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Killings up in Memphis

Ordinarily, that headline would just indicate another day in Memphis. But the twist this time is that it’s justifiable self defense shootings:

The number of justifiable homicides in Memphis jumped from 11 in 2006 to 32 in 2007.

More:

More people are getting carry permits and more people know their rights. As many as 35,000 people in Shelby County have carry permits, which means they have had some training on the laws governing self-defense.

The education, Givens says, is “trickling down” to friends and family members.

There were 19 fewer criminal homicides in 2007 compared to 2006. There were fewer gang killings as well, which are less likely to be viewed as justified, and there were fewer beating deaths, which, again, are rarely justifiable.

11 Responses to “Killings up in Memphis”

  1. Ron W Says:

    Good news…but not for the controlled media. Criminals should be in grave danger from their intended victims!

    It’s good for the media business when uanrmed victims are murdered, but not when intended victims kill criminals. I suppose that’s the “blood running in the streets” that the anti-armed self defense crowd, in their fear and bigotry re: carry permits, predicted about legally- armed, law-abiding citizens.

  2. tgirsch Says:

    Heh. Givens is the guy who taught my carry permit class. “Education” would be one word for what they included. “Propaganda” would be another.

    As I wrote on my blog at the time I took the training, half of it was good, and the other half was propaganda and fearmongering. Eight hours isn’t much time to teach people safe gun handling, and it’s a shame they used so much of it to advance a political agenda.

    Side note: I had a friend who went on to take the next class in line, and he said the pontificating and faux-militarism got even worse. And this friend is a solidly pro-gun conservative. He wanted to take the next class after that, but decided against it, because Givens’ style was such a turnoff.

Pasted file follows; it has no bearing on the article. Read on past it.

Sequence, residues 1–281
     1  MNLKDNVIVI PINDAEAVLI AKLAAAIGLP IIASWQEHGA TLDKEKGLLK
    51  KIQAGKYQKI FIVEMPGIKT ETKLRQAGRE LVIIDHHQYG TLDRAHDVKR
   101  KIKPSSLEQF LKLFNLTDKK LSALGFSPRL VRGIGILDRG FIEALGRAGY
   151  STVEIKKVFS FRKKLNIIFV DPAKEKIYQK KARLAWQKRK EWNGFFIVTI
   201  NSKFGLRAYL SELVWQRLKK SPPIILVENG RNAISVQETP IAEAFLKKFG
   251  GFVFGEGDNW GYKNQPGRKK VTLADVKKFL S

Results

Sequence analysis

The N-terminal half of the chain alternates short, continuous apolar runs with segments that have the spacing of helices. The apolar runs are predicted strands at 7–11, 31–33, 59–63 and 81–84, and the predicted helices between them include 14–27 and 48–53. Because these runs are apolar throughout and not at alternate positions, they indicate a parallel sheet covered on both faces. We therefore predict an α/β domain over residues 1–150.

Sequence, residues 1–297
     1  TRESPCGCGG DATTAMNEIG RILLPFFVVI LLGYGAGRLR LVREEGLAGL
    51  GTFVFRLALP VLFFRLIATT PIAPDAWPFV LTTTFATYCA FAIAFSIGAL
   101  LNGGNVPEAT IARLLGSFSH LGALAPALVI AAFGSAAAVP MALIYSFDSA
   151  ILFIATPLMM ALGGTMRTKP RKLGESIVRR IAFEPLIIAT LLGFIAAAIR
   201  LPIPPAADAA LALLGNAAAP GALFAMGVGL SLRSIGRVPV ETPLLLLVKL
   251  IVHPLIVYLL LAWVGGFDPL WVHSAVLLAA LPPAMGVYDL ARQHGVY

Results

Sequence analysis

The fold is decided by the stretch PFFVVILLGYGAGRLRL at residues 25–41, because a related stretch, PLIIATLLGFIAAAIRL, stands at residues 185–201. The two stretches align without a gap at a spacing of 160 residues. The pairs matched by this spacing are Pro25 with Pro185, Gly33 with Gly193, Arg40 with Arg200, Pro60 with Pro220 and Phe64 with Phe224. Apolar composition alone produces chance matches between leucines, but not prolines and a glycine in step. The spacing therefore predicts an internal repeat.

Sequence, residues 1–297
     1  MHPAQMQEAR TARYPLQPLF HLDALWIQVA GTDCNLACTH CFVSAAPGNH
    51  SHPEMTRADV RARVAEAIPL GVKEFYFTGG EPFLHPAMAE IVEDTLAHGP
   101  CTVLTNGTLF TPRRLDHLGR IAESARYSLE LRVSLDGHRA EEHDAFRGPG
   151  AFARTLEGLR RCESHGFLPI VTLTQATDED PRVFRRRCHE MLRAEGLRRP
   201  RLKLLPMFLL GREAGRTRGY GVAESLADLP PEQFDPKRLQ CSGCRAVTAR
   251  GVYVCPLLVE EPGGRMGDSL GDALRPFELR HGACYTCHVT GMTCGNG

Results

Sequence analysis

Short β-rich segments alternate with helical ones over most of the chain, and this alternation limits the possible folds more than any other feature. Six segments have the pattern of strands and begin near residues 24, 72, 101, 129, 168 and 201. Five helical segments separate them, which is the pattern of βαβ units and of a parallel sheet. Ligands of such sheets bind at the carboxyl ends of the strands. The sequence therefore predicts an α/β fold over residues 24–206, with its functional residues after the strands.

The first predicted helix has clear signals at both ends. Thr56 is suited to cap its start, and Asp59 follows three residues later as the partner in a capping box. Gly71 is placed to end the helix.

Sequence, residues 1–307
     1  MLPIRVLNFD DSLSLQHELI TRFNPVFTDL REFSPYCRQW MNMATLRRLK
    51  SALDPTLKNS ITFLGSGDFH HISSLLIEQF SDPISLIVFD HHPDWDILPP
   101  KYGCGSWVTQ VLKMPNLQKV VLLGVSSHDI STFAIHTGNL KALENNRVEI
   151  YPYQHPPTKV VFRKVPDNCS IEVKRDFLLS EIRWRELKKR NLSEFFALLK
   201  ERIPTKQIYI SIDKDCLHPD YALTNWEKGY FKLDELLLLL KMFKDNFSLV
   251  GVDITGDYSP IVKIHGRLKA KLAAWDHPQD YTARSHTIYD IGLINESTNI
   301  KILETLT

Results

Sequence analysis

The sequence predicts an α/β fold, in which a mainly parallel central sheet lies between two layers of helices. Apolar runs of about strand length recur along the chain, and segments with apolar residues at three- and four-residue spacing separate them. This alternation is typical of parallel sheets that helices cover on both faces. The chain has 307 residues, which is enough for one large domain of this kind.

3. Rustmeister Says:

    The folks at Top Brass in Millington give a good carry class.

    Grounded in reality and not once did an instructor tell me how badass he was.

  4. Yu-Ain Gonnano Says:

    From Webster’s:
    Propaganda: ideas, facts, or allegations spread deliberately to further one’s cause.

    I.e. what all of us are doing by writing/commenting on this blog.

  5. Ron W Says:

    Yu-Ain,

    Great point. It always helps to actually know the definition of words.

  6. tgirsch Says:

    Rustmeister:

    RangeUSA in Bartlett (or thereabouts) used to have a really good instructor, but he relocated. Haven’t heard about the new guy yet.

    Yu-Ain:

    I didn’t realize that when I signed up for a gun safety class, I was signing up for “a cause,” other than gun safety. The equivalent of “If you don’t dedicate a large portion of your time and income to guns, you’re a pussy” seems a bit outside the context of the stated purpose of that class, in my estimation. Perhaps you disagree.

    In any case, I fail to see how my usage of the word “propaganda” differs from the dictionary definition; I further fail to see how that definition in any way changes what I wrote.

  7. Lyle Says:

    “The education, Givens says, is “trickling down” to friends and family members.

    There were 19 fewer criminal homicides in 2007 compared to 2006. There were fewer gang killings as well, which are less likely to be viewed as justified, and there were fewer beating deaths, which, again, are rarely justifiable.”

    All very bad news for the anti-gun bigots.

  8. Yu-Ain Gonnano Says:

    tgirsch,
    1) Your usage fits very nicely with the actual definition, however, the connotation you imply is one that doesn’t. Propaganda is not by definition improper.

    2) the HCP class is *not* a gun safety course. It is a *carry* course. And convincing you to carry is perfectly proper “cause”. (Safety should be a part of any course, period)

    3) I never said that Given’s method was a good way of accomplishing the “cause” of getting you to carry.

    But because the methods one person uses suck, doesn’t make the goal improper.

    And that’s my point. Just because Given’s is horrible at his advocacy doesn’t make it the ‘evil propaganda monster’. It just means he’s horrible (if not counterproductive) at advocacy.

    And while I don’t agree on the money aspect, I would agree that guns (if you choose to have them) should take up a significant portion of your time. You can half-ass golf, you can half-ass balancing your checkbook, you can half-ass your cooking, but the minute you half-ass your weapon, someone get’s hurt.